REDWOOD CITY, CALIF. – As COVID-19 vaccines are distributed throughout the United States, hope has emerged for a possible return in the coming months to pre-pandemic behaviors. A new survey from Shopkick, however, suggests that it’s going to take longer for consumers to shift pandemic behaviors.
With 44% of Americans not planning to receive the vaccine, consumers said they would hardly change their current shopping behaviors as a result. Nearly all consumers (96%) said they would continue to take personal safety precautions while shopping, while less than half (48%) of those who had already received the vaccine reported feeling more comfortable shopping in stores now.
Shopkick surveyed more than 21,000 consumers between Jan. 20-24, 2021, to learn about current shopping behaviors and how the availability of a vaccine impacts those habits. Insights included:
- Many consumers do not plan to get the vaccine. While most consumers surveyed had either already received the vaccine (8%) or were planning to receive it (48%), 44% said they were not planning to get vaccinated.
- Millennials are the least confident in the vaccine. Millennials made up the largest segment of people not confident in the vaccine (35%) and not planning to get vaccinated (51%). Comparatively, America’s youngest and oldest consumers appeared the most confident in the vaccine, with 71% of Gen Zers and 75% of Boomers saying they felt some level of confidence.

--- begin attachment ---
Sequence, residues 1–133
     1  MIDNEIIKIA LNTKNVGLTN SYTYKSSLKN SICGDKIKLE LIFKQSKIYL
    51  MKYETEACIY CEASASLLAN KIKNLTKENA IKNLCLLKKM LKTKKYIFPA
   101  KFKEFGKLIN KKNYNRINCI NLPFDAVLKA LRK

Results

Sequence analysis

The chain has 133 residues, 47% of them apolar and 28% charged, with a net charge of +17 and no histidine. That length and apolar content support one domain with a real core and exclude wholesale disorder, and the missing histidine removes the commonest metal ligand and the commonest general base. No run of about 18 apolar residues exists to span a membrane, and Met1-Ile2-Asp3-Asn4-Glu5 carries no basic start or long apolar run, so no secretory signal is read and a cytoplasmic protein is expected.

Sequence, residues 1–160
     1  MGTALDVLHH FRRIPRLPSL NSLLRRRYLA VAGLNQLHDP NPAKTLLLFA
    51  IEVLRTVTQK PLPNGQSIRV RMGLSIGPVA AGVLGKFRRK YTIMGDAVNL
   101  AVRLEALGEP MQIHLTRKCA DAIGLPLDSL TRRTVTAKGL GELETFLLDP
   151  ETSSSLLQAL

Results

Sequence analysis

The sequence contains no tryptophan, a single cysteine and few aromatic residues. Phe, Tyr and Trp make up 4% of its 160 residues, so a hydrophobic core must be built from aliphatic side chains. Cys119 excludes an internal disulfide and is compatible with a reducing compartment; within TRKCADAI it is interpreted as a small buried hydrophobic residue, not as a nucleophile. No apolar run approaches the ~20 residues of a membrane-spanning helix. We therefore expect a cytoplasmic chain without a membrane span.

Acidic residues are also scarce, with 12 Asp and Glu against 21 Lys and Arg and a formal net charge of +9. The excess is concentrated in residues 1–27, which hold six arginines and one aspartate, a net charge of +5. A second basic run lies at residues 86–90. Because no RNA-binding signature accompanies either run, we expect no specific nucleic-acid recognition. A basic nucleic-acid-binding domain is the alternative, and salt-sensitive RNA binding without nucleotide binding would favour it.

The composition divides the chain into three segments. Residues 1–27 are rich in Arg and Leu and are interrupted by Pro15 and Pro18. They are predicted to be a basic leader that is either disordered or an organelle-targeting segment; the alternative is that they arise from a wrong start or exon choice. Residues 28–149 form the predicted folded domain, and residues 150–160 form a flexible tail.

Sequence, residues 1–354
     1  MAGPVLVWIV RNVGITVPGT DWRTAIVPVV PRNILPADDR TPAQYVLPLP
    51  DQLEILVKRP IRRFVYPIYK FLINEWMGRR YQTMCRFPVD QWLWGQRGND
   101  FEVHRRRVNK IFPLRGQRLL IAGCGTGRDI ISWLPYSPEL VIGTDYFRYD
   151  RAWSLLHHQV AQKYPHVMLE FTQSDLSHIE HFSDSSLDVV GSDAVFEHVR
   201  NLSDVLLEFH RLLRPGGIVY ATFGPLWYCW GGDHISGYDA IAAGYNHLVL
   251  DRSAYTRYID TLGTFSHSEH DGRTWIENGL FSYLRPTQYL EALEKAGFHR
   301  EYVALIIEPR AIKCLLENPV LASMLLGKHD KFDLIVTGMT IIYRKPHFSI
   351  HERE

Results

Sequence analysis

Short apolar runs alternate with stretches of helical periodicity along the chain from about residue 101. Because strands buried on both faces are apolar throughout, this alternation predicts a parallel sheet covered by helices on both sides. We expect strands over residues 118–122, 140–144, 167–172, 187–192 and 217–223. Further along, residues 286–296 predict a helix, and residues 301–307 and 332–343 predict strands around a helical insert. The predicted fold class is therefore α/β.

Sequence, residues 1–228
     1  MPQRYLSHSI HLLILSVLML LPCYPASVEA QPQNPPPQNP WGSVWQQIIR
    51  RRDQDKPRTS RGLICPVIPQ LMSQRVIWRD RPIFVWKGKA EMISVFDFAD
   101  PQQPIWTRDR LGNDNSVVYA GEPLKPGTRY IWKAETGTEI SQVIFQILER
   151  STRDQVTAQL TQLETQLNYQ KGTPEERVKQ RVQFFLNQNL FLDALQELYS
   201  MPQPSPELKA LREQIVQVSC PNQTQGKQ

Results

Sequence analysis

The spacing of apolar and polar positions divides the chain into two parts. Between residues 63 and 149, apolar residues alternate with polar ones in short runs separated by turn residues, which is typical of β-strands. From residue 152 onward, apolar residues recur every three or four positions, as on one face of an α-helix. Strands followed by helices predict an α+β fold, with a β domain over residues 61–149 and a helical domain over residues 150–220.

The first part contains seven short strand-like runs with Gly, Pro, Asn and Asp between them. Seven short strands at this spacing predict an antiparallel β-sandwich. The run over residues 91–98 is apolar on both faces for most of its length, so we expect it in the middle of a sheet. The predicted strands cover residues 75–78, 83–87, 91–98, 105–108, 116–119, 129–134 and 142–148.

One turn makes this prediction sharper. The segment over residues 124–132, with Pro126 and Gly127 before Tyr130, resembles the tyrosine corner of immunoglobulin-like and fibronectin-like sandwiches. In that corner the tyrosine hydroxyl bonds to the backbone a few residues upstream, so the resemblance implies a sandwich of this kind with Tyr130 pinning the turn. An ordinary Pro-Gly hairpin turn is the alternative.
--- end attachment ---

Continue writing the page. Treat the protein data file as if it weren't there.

- Vaccinations do not mean consumers will flood back indoors. Of those who had already received the vaccine, less than half (48%) reported feeling more comfortable shopping in-store and taking part in other indoor activities, while only 18% say they would do so more frequently now. Similarly, of those who planned to get the vaccine, only 15% say they would shop in-store or take part in indoor activities more frequently after receiving the vaccination.
- Personal health and safety habits are here to stay. Nearly all of those who had already been vaccinated or planned to be vaccinated say they would continue to take personal safety precautions while shopping in-store (96% and 97%, respectively). Precautions include wearing protective face coverings (93%), using disinfectants (87%), shopping at less busy times (66%), using debit or credit cards to avoid exchanging cash (66%), using self-checkout (58%), or wearing protective gloves (21%).
- Consumers expect health and safety to remain a priority for retailers. Even if the majority of Americans are vaccinated, 79% of consumers expect retailers to continue enforcing health and safety restrictions, such as requiring protective face coverings for shoppers and employees (89%), offering disinfectants for shoppers (86%), enforcing social distancing (80%), keeping plexiglass barriers at checkout (74%), and limiting the capacity of shoppers allowed inside (62%). According to 62% of respondents, enforcing these guidelines would influence where they choose to shop.
- More than half of consumers are shopping online for essential purchases. As consumers try out different options for picking up the essentials, 55% said they were now using online shopping to varying degrees, including sometimes (35%), often (11%), or very often (9%).